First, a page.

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Types of Heart Valves

Clip Number: 39 of 41
Presentation: Common Heart Conditions, Tests, and Procedures
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Reviewed By: Arthur Schoenstadt, MD
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There are two types of replacement valves that can replace an unhealthy valve in the heart.
One type is a man-made mechanical valve, made of metal and plastic. The other type of valve is taken from an infection-free animal heart.
Mechanical and tissue valves each have specific advantages and disadvantages. If a mechanical valve is chosen to replace the original valve, you will need to take coumadin after the procedure for the rest of your life. Coumadin helps prevent blood clots from forming on the new valve. With coumadin, you will need to have blood tests on a regular basis. The advantage of a mechanical valve is that it may possibly last the rest of your life.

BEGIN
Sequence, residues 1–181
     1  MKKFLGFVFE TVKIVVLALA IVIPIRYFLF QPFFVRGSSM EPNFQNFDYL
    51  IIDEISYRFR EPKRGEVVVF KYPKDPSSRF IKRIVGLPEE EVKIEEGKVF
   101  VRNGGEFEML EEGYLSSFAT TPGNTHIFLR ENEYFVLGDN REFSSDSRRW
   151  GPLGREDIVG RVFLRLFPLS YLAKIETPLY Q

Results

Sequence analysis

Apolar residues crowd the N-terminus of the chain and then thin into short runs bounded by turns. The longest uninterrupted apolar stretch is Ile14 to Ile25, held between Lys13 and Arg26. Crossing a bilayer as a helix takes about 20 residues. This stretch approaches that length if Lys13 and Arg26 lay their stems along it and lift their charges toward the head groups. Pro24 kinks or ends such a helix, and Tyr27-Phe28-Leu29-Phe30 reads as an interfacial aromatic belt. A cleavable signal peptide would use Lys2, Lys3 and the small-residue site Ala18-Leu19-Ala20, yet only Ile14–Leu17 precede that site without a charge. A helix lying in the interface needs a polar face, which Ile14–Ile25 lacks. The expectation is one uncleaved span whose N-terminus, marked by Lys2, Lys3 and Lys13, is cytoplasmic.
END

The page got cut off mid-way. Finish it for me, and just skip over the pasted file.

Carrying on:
Tissue valves have the advantage of not usually needing a long-term medication like coumadin. The disadvantage of tissue valves is they don't often last as long as a mechanical valve. They will last an average of 10-15 years before they need to be replaced with another valve.Tissue valves also have a risk of stroke after they are implanted. Certainly their risk is much less then a mechanical valve but a few patients per one thousand can have a stroke with a tissue valve. For this reason, some surgeons will place patients with tissue valves on coumadin for 3 months after surgery. However the risk of stroke with a tissue valve in the long term is far less than a mechanical valve.

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